Partners Say Microsoft's Apple Envy Is Sinking Surface2:55 PM EST Fri. Dec. 14, 2012
Even as Microsoft expands retail distribution for its Surface with Windows RT product, Microsoft partners say the software giant's Apple-focused consumer strategy for its fledgling tablet is sinking Surface and taking its toll on Windows 8.
Partners responding to Microsoft's move this week to let retailers like Staples carry Surface with Windows RT predicted the distribution shift will have little impact. They said the real problem with the Surface strategy is Microsoft's failure to capitalize on its robust position in the business market by leveraging its vast partner network.
"I think this additional distribution will have minimal impact," said Arlin Sorenson, the founder and CEO of HTG Peer Groups, a 350-member peer-to-peer solution provider organization headquartered in Harlan, Iowa that has been working with Apple on iPad consultant certifications for its peer-to-peer members over the last year. "I haven't had anybody tell me they prefer Surface over the iPad."
Microsoft, which up until now has been selling Surface with Windows RT through 31 Microsoft retail stores and 34 smaller holiday specialty stores, as well as through its website, began selling the product through other retailers this week, including Staples and Amazon.com. What's more, Microsoft extended the offering of the product through all of its holiday specialty stores into the new year and announced that the specialty stores will be transitioned into either permanent brick and mortar Microsoft retail outlets or specialty store locations.
Microsoft insists it always planned to expand the retail presence for Surface after the first of the year. But, the additional retail distribution announcement came only seven days after Detwiler Fenton & Co., a Boston-based brokerage, reported that it expects Microsoft to ship just 500,000 to 600,000 Surface tablets in the current quarter, significantly below its previous forecast of 1 million to 2 million units. In contrast, one analyst, Sameer Singh at Tech-Thoughts, has estimated that Apple could ship anywhere from 24 million to 26 million iPads in the current quarter.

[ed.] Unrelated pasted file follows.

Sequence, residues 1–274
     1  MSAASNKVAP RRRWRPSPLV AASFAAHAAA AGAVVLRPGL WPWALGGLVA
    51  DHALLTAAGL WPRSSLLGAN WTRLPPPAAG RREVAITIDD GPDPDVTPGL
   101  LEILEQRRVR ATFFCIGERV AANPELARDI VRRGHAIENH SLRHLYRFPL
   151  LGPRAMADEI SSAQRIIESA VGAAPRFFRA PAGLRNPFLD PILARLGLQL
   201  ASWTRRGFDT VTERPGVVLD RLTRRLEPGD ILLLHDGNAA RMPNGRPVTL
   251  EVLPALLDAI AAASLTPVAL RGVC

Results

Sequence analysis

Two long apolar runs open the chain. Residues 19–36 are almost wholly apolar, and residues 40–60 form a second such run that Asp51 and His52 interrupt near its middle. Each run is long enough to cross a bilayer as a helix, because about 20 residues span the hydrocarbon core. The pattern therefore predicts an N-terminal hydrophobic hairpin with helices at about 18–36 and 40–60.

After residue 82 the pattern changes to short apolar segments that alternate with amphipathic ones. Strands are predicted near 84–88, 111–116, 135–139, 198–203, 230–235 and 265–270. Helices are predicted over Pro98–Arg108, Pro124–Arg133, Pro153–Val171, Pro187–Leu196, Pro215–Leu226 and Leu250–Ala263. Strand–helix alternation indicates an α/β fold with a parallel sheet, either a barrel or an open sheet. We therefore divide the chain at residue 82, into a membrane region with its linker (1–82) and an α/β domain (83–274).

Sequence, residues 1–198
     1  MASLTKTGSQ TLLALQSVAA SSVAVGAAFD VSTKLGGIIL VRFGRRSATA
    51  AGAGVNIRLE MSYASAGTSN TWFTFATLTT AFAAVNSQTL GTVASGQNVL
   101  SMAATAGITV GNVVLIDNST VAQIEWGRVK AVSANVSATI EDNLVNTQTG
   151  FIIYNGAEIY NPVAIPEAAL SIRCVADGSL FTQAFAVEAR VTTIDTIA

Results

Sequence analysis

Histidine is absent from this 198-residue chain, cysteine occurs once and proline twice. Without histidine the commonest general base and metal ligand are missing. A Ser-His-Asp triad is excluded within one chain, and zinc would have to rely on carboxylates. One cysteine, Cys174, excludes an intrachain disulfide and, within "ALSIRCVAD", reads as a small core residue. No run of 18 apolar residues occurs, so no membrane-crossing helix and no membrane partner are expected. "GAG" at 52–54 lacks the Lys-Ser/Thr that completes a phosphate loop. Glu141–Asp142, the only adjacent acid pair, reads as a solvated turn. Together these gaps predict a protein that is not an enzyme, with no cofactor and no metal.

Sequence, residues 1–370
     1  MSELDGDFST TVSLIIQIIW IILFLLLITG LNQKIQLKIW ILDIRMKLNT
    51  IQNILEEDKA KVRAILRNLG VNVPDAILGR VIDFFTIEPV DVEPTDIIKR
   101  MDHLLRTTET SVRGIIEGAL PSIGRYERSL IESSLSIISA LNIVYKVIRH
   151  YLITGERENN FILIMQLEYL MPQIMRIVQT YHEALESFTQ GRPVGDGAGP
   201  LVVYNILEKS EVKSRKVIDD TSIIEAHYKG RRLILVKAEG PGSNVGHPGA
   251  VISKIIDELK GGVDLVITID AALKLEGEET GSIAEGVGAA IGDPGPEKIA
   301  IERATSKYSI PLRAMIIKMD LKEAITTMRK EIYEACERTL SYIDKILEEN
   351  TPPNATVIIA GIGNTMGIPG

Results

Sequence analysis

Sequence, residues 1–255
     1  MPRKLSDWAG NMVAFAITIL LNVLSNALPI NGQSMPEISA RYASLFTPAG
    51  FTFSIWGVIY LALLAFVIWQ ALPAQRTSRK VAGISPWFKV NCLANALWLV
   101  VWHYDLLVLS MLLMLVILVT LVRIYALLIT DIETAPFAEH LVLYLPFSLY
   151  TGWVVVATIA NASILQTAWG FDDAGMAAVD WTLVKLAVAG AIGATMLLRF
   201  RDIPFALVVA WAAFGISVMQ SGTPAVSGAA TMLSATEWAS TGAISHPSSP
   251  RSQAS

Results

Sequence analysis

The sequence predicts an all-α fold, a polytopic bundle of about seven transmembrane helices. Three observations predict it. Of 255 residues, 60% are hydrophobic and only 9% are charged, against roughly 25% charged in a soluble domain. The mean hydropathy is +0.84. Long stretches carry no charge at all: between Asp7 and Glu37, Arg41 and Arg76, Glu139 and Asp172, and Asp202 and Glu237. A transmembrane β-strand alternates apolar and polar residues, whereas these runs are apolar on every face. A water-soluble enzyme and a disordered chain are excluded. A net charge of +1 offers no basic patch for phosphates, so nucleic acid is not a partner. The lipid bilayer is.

Microsoft has offered no details on whether it plans to sell Microsoft Surface through solution providers.
Microsoft declined to provide an interview to discuss the Surface distribution strategy with Jon Roskill, corporate vice president and head of Microsoft's Worldwide Partner Group.
In response to CRN questions on how the shift will impact partners, Microsoft released a prepared statement: "Our plan has always been to expand the distribution channel for Surface after the initial launch. Based on the consumer response as well as interest from other retailers, it is a natural time to provide consumers with additional locations to get their Surface with Windows RT. Yesterday's announcement will impact production and distribution of Surface with Windows RT specifically. With regards to Surface with Windows 8 Pro or additional distribution channels, we have nothing further to share at this time."
NEXT: Microsoft's 'Strategic Miscalculation'
HTG's Sorenson, for his part, says Microsoft has made a strategic miscalculation by trying to copy Apple's product, sales and marketing strategy, even adopting Apple's tight lipped communications stance when it comes to Windows 8 and Surface. That decision not to work closely with partners, he says, has set the Windows 8 channel sales effort back six months.
"We didn't get started with Windows 8 nearly as early as we should have," said Sorenson, noting it was a complete break from all previous releases of Windows. "As a result we are still learning it and not really selling it as we would have been with other releases. They made a mistake in the way they approached the market, not allowing partners access with early testing. That has slowed the whole rollout process. We have been living in kind of a [Windows 8] black hole for the last year."